DieSoulWax

In their guises as 2manydjs and Soulwax, Belgian brothers and prolific audio/visual bricoleurs David and Stephen Dewaele set the standard for this century’s digital cut-up pop media scene. Nowhere is this more evident than in Hardcore or Die, their impressive visual take on that most unruly of 20th-century analog pop genres, ’80s American and European hardcore punk.

The main MO for the Dewaeles’ Radio Soulwax project has been to produce hour-long videos synched to their mixes that involve the album covers in some way, mostly by animating aspects of them in an adorably jerky cut-out style. They’ve done this for Modern Brazilian Pop, mediocre hip-hop, European prog, Chicago house, space disco, commercial soundtrack (or “library”) music, and the proto-techno New Beat craze that engulfed their Belgian homeland during the late-‘80s. (You can view all these and more on their Vimeo page.)

But Hardcore or Die raises the bar on many levels. In the aftermath of disco burn-out, punk bands proffered hardcore’s grinding, guitar-centered hard-fast-rules credo in direct contrast to commercial R&B pop’s groove-centered predictability. And there seemed no earthly chance of mixing the stuff in club sets—that would come in the ‘90s during exceptionally rare moments at mostly goth clubs.

Although groups like Atari Teenage Riot and scenes like Dutch gabber have absorbed the hardcore aesthetic in the digital age, Soulwax do an amazing job of beat-mixing this most ornery of 180-200 beats-per-minute pop subgenres. While they give certain influential bands like Crass and the Bad Brains some extra shine–which evokes the surprising amount of groove in their tunes–the pair apply a distinctly anti-hierarchical approach to their mix. Many unknowns (Screaming Holocaust, DYS, Totalitar) get extended spotlights, while some rather consensually significant songs appear for a second or two as fills. Occasionally, you hear the whirr of granular beat-repeat applied to some of the songs, which reinforces the digital context of the mix nicely.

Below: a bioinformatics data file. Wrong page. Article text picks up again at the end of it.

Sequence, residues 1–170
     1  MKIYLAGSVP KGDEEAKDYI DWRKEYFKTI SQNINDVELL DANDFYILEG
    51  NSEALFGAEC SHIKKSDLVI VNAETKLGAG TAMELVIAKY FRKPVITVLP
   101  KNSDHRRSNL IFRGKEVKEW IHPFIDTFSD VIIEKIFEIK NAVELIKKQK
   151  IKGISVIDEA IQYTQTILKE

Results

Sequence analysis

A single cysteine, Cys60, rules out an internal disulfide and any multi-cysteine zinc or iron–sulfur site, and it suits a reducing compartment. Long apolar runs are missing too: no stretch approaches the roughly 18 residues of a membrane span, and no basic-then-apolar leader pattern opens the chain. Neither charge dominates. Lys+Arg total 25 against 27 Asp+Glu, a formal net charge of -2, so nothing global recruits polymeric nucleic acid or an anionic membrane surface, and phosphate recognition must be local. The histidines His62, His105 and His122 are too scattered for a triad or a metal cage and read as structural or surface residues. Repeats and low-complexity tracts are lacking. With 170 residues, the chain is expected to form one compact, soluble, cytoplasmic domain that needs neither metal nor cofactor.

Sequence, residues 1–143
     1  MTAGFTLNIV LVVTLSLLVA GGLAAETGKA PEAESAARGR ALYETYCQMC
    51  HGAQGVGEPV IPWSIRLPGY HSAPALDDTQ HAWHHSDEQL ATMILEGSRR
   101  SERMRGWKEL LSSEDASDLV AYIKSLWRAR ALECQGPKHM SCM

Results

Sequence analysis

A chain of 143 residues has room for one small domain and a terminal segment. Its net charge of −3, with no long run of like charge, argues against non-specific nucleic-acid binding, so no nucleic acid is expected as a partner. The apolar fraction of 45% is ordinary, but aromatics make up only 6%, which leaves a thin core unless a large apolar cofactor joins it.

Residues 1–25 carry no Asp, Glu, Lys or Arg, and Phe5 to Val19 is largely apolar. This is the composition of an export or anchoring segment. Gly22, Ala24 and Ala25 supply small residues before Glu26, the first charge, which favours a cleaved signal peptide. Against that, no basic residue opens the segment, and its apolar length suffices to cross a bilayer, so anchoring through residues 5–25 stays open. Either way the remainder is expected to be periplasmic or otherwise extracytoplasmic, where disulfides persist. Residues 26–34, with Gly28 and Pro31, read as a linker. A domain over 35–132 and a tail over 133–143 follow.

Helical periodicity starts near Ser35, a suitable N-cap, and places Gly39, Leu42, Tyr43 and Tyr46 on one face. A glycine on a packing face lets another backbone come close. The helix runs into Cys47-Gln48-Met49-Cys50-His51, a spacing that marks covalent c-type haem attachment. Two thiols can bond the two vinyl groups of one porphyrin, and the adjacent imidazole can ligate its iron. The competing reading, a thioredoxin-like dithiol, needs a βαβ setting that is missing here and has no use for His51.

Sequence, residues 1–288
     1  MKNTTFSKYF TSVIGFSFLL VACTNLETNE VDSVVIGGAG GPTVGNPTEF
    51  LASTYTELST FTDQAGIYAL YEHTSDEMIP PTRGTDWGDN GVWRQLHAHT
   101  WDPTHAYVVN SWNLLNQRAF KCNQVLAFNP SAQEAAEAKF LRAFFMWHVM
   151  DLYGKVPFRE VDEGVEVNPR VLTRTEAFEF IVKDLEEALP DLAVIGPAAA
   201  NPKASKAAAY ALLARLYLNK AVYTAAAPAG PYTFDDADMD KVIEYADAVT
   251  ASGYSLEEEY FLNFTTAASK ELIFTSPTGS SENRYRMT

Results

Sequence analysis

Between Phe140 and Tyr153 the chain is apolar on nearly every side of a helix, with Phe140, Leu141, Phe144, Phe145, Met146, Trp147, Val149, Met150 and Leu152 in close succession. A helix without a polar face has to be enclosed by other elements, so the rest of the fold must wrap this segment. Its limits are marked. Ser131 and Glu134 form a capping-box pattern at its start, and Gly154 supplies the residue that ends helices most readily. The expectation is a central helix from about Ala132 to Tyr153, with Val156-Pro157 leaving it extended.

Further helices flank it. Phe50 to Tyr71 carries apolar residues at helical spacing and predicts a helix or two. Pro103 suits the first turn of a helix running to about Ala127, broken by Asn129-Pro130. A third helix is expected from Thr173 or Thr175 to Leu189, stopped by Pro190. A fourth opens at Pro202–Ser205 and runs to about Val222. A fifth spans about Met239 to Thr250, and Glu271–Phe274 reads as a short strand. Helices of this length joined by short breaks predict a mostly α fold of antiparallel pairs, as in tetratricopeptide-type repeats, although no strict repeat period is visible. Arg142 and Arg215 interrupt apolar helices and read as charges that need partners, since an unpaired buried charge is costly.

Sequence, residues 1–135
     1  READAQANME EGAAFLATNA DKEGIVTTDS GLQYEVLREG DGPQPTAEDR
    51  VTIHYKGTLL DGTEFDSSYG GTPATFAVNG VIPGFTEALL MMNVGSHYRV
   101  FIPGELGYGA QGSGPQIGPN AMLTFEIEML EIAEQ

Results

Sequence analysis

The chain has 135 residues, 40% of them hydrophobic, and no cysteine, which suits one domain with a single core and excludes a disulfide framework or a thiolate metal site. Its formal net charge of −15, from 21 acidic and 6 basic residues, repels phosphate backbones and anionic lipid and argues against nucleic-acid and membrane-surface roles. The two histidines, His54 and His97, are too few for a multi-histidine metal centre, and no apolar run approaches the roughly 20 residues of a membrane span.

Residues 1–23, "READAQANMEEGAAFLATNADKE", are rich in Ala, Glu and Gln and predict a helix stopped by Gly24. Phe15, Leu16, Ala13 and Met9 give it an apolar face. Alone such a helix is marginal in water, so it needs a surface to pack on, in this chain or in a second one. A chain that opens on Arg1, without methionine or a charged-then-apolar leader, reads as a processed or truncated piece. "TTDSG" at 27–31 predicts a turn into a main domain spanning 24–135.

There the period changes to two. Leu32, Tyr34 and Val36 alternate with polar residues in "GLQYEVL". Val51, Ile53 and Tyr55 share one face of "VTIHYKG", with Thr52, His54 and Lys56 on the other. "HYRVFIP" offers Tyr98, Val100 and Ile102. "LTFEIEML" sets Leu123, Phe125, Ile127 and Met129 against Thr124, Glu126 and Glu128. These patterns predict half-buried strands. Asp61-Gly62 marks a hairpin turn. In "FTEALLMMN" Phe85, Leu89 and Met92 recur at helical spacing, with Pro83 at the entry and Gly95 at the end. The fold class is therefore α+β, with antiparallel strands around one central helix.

There are of course some hilarious moments in the dizzyingly fast-paced vid, including the dancing Jesus on the dollar cross on the cover of the Dead Kennedys’ In God We Trust Inc., a frenzied collage of “1-2-3-4” count-offs, and a recurring motif of stage-divers occasionally swarming a cover. The Dewaeles expand on their irreverent approach to the vaunted genre in their accompanying note on their Vimeo post:

We can’t pretend to have been huge hardcore punk fans at the time, but have grown to love it now[… ]Some people might feel it’s not very respectful, but listen, those guys take themselves way too seriously and by cutting it up the way we did, we feel we have kept to the original spirit and energy of the music.

Much more than a punk Stars on 45, Hardcore or Die offers an adoring vision of the hardcore legacy.